Cam Reddish will be a risky pick for whoever drafts him, but he’s even riskier for the New York Knicks because of how David Fizdale handled Kevin Knox’s rookie season.
Earlier today, a report from Ian Begley tied the New York Knicks to Cam Reddish in the draft process. Obviously, all of the normal caveats apply here, which he says as much in the tweet. It’s very early in the draft process, the lottery hasn’t even been drawn yet so teams can move up or down out of the range that they might not take whatever player they do like, and so on. But let’s assume that the Knicks do end up with Reddish, and they do so in the most feasible asset-optimal way, after falling to the No. 5 overall pick via some mild bad luck: Reddish would still represent a significant risk for them, even more so than the risk he already represents as a general prospect.
To start, no matter how high you are on Cam Reddish, there’s absolutely no way around the fact that taking him involves significant risk.
Tons of ink has already been spilled about how unprecedented his stats are, and almost all of it is in a bad way — 35.6 field goal percentage, an AST:TOV around 0.73, and a Box Plus-Minus ranking 10th on his own team. While he had the occasional good game, he also had some absolute clunkers, going 1-of-7 against Texas Tech, 1-of-8 against Clemson, 1-of-11 against Georgia Tech, 2-of-15 against NC State, and 2-of-11 against Syracuse. If you were purely required to black box the draft and judge someone only based on what a statistical model can see, he likely would go undrafted.
Even the eye test on him was a little weak. His handle was loose, he looked athletically normal, and by and large, it looked like there wasn’t a plan for him. And that’s just the times that he was noticeable because there were often large stretches of time where Reddish seemed almost less involved than even guys like Javin Delaurier or Jack White.
But the result of there not being a clear plan for him is that while it makes his eye test worse, it also casts doubt on how much of his performance is about him and how much is about his unique situation. Not many NBA players are the fourth option on the offensive side of the ball in college. Plenty are used outside of their future role, but they don’t tend to be nearly as miscast as Reddish, who went from running the point in high school, even in settings like for Team USA, to being a spot-up shooter first and an occasional driver from the wing rather than driving from the center of the court. Those that are miscast at the college level tend to be guys like Chimezie Metu or Daniel Gafford, who are posting up because college offenses still do that, even though they basically won’t ever at the professional level, meaning that you see them miscast above their ability, not below.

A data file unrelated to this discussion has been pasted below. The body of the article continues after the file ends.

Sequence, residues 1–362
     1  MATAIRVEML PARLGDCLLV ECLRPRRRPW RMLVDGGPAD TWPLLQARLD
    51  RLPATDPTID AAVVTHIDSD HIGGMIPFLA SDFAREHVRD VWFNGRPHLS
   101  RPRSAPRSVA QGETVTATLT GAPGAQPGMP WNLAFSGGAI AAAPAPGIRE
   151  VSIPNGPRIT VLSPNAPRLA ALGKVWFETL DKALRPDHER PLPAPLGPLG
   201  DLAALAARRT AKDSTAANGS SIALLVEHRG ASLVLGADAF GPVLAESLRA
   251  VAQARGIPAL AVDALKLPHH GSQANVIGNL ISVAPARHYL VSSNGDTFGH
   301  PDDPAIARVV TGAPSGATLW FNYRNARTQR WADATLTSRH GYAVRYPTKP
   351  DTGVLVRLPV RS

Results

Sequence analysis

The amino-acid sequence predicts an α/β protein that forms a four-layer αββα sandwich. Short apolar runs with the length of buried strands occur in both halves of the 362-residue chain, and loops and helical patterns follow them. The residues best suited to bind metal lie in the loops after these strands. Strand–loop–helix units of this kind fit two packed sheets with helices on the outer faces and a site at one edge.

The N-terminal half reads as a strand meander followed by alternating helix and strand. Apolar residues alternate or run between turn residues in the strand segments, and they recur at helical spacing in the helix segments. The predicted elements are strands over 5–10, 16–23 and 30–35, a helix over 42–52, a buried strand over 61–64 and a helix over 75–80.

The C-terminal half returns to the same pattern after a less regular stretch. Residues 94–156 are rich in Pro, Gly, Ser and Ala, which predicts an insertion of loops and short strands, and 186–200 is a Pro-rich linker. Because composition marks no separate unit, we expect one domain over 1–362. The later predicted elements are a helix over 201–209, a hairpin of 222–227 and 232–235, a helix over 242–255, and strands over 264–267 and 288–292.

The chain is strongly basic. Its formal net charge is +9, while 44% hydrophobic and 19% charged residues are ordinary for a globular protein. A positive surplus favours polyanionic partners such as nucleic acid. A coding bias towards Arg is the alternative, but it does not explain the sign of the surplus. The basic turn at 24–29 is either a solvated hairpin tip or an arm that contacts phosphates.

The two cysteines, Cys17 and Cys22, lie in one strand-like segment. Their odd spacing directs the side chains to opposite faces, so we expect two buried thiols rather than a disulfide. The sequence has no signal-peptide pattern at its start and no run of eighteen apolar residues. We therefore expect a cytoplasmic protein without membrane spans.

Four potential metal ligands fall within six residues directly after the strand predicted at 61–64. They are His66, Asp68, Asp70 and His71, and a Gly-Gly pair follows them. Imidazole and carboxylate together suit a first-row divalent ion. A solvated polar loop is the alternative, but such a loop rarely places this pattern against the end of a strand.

And a reasonable, albeit potentially misguided, response to the idea that Reddish is miscast, is to look at his high school tape and see where he had success there. That tape will show, unsurprisingly, that what he did in high school didn’t really match up with what he did in college at all. There were fewer spot-up attempts, sure, and he handled the ball a lot more than he ever had a chance to at Duke, but I’d contend the biggest difference in terms of his potential future success was where and how he was handling the ball.
It’s not a secret that Duke didn’t run much pick and roll this year. Zion Williamson, who will likely take a lot of possessions next year as a roll man, totaled nine possessions finished as the roll man in college. That’s a small enough number that I have to spell it out according to our style guide. In the scope of a college career, that’s nothing. And Reddish, meanwhile, with the aforementioned questionable first step, was harmed more than anyone. While he did get to run some side pick-and-roll with Marques Bolden, and often used it to get into the teeth of the defense well because college defenses don’t properly ICE, the results were mixed because Reddish, as a driver, uses the pick-and-roll to create space first and then uses his basketball IQ and relative ambidexterity to force the defender one way before crossing over to the other. But when a player curls from the wing into the paint, there’s only one direction they can really go. The defender is already forcing them into the paint naturally by the way they recover, and the help defense already knows where it has to be.
A highly observant coach, similarly, might run him off actions similar to this one, which comes straight out of the Utah playbook a few years back for Gordon Hayward:
Instead of depending on his weak first step, Reddish takes two steps back and gets a running start into catching the pass. This puts him at an advantage over his defender and creates more than enough space for him to get into an open pull-up. Actions like that are where Reddish’s upside in the NBA lies, not having to create his own space, but doing something special once space is created for him.